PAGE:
This has also become an area of financial innovation. Companies such as Fair Trading Technology[17] and their T3 Integration Bridge seek to allow traders to trade with transparency and the ability to verify that each trade makes it to the market. (The company uses the bridge to connect traders to the world's largest ECN, Dukascopy Bank SA,[18] by using MetaTrader 4 platform.)

Forex markets are now also a target for new blockchain innovations, which would allow trading outside of centralized exchanges or change the way these exchanges operate.[19][20]

See also

References

  1. ^ a b Madhavan, Ananth; Porter, David; Weaver, Daniel (2005-08-01). "Should securities markets be transparent?". Journal of Financial Markets. 8 (3): 265–287. doi:10.1016/j.finmar.2005.05.001.
  2. ^ Kyle, Margaret K.; Ridley, David B. (1 September 2007). "Would Greater Transparency And Uniformity Of Health Care Prices Benefit Poor Patients?". Health Affairs. 26 (5): 1384–1391. doi:10.1377/hlthaff.26.5.1384. PMID 17848449 – via content.healthaffairs.org.
  3. ^ "Dictionary of Finance and Banking - Oxford Reference". Retrieved 2017-02-06.
  4. ^ Yogev, Tamar (2010-07-01). "The social construction of quality: status dynamics in the market for contemporary art". Socio-Economic Review. 8 (3): 511–536. doi:10.1093/ser/mwp030. ISSN 1475-1461.
  5. ^ Felix Goltz; Schröder, David (2010-04-01). "Hedge Fund Transparency: Where Do We Stand?". Institutional Investor Journals. doi:10.3905/jai.2010.12.4.020. Retrieved 2017-06-21.
  6. ^ Strathern, Marilyn (2000-06-01). "The Tyranny of Transparency". British Educational Research Journal. 26 (3): 309–321. doi:10.1080/713651562. ISSN 1469-3518.
  7. ^ Best, Jacqueline (2005-02-10). The Limits of Transparency: Ambiguity and the History of International Finance. Cornell Studies in Money. Ithaca, NY: Cornell University Press. ISBN 9780801473777.
  8. ^ Etzioni, Amitai (2010-12-01). "Is Transparency the Best Disinfectant?". Journal of Political Philosophy. 18 (4): 389–404. doi:10.1111/j.1467-9760.2010.00366.x. ISSN 1467-9760.
  9. ^ a b MacKenzie, Donald; Millo, Yuval (2003-07-01). "Constructing a Market, Performing Theory: The Historical Sociology of a Financial Derivatives Exchange". American Journal of Sociology. 109 (1): 107–145. doi:10.1086/374404. ISSN 0002-9602.
  10. ^ McGivern, Gerry; Fischer, Michael D. (2012-02-01). "Reactivity and reactions to regulatory transparency in medicine, psychotherapy and counselling". Social Science & Medicine. Part Special Issue: Organization studies and the analysis of health systems. 74 (3): 289–296. doi:10.1016/j.socscimed.2011.09.035.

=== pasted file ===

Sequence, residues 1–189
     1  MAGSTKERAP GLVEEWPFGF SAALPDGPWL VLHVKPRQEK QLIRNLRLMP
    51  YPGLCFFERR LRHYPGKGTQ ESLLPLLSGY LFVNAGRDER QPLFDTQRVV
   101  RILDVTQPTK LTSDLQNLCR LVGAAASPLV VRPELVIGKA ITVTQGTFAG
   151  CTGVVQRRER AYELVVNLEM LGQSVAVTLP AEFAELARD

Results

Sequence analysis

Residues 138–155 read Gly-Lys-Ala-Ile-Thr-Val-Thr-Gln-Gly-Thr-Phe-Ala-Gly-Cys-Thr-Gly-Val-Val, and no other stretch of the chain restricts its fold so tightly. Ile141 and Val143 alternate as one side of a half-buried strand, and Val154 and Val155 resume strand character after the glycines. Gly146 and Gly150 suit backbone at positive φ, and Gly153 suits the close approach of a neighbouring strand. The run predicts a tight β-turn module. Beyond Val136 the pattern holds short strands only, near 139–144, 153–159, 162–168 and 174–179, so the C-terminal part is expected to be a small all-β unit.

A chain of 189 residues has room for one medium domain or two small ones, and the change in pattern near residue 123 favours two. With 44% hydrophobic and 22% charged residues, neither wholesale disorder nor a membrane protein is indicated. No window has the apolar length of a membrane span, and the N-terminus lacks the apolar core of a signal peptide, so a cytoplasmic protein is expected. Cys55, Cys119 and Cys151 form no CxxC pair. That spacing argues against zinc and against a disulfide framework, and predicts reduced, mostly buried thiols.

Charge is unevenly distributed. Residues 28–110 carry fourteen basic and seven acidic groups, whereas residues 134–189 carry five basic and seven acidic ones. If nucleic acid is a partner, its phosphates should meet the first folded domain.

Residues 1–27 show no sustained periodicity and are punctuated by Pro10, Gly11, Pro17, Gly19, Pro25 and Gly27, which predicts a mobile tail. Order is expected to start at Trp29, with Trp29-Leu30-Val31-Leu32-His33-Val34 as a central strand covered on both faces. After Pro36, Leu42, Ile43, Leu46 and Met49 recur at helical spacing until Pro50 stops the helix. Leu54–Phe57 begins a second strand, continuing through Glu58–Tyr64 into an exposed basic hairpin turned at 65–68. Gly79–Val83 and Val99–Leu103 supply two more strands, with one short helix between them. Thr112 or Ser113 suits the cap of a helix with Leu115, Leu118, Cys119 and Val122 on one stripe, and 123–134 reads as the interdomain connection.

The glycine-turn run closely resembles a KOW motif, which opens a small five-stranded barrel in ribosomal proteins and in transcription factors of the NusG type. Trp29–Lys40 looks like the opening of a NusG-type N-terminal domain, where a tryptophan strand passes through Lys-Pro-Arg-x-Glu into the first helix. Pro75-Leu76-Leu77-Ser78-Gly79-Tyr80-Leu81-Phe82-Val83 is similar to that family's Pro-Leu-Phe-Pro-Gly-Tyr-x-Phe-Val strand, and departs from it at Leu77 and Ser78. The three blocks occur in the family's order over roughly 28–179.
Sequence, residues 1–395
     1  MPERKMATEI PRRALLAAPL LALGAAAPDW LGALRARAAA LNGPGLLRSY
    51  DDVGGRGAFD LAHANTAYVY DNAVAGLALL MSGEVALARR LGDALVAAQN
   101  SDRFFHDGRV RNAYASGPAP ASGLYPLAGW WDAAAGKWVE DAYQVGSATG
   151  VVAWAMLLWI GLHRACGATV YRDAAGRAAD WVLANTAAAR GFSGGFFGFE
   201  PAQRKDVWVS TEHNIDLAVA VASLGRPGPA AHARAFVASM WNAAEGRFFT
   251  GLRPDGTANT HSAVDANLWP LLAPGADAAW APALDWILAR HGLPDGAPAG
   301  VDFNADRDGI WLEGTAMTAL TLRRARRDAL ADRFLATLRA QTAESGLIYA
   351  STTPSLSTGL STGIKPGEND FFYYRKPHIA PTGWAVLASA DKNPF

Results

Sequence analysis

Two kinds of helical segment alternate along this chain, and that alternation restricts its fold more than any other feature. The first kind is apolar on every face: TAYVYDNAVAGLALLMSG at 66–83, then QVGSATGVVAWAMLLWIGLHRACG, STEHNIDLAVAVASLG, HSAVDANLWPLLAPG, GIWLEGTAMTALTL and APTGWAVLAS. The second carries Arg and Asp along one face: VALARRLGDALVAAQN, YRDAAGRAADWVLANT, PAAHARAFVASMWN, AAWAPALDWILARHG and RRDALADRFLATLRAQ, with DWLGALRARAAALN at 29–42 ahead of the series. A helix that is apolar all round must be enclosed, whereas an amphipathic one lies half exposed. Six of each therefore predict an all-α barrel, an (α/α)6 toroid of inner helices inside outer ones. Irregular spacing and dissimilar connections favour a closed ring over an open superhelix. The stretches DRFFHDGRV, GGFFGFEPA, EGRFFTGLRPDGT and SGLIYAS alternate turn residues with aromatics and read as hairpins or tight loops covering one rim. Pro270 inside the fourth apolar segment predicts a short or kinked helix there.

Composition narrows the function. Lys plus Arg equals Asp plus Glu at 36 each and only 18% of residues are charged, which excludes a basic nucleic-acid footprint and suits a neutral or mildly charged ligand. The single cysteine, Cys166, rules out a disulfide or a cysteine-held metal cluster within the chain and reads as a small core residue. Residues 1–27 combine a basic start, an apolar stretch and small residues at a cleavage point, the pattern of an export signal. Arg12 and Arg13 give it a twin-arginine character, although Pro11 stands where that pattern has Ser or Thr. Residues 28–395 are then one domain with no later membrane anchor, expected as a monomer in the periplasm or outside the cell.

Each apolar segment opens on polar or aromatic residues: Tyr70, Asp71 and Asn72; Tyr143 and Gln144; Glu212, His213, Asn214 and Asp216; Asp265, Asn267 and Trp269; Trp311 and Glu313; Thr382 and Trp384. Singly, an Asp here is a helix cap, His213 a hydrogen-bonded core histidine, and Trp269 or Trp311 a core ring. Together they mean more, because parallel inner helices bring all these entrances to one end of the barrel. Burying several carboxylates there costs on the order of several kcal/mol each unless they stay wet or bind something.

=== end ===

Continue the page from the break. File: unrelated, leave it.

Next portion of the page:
11. ^ Coslor, Erica (2016-04-01). "Transparency in an opaque market: Evaluative frictions between "thick" valuation and "thin" price data in the art market". Accounting, Organizations and Society. 50: 13–26. doi:10.1016/j.aos.2016.03.001.
  12. ^ a b Pitluck, Aaron Z. (2011-02-01). "Distributed execution in illiquid times: an alternative explanation of trading in stock markets". Economy and Society. 40 (1): 26–55. doi:10.1080/03085147.2011.529333. ISSN 0308-5147.
  13. ^ a b Knorr Cetina, Karin; Bruegger, Urs (2002-01-01). "Global Microstructures: The Virtual Societies of Financial Markets". American Journal of Sociology. 107 (4): 905–950. doi:10.1086/341045. ISSN 0002-9602.
  14. ^ Cetina, Karin Knorr; Bruegger, Urs (2002-12-01). "Traders' Engagement with Markets". Theory, Culture & Society. 19 (5-6): 161–185. doi:10.1177/026327602761899200. ISSN 0263-2764.
  15. ^ MacKenzie, Donald; Spears, Taylor (2014-02-06). "'The formula that killed Wall Street': The Gaussian copula and modelling practices in investment banking". Social Studies of Science. 44 (3): 393–417. doi:10.1177/0306312713517157.
  16. ^ "Forex Glossary, Forex Terminology, Forex Trading Dictionary". www.earnforex.com.
  17. ^ http://www.fairtradingtech.com/t3-bridge/transparency/
  18. ^ "Home :: Dukascopy Bank SA - Swiss Forex Bank - ECN Broker - Managed accounts - Swiss FX trading platform". www.dukascopy.com.
  19. ^ "Understanding How Blockchain Works and Why it Will Transform FX | Finance Magnates". Finance Magnates | Financial and business news. 2016-12-30. Retrieved 2017-06-21.
  20. ^ "Subscribe to read". Financial Times.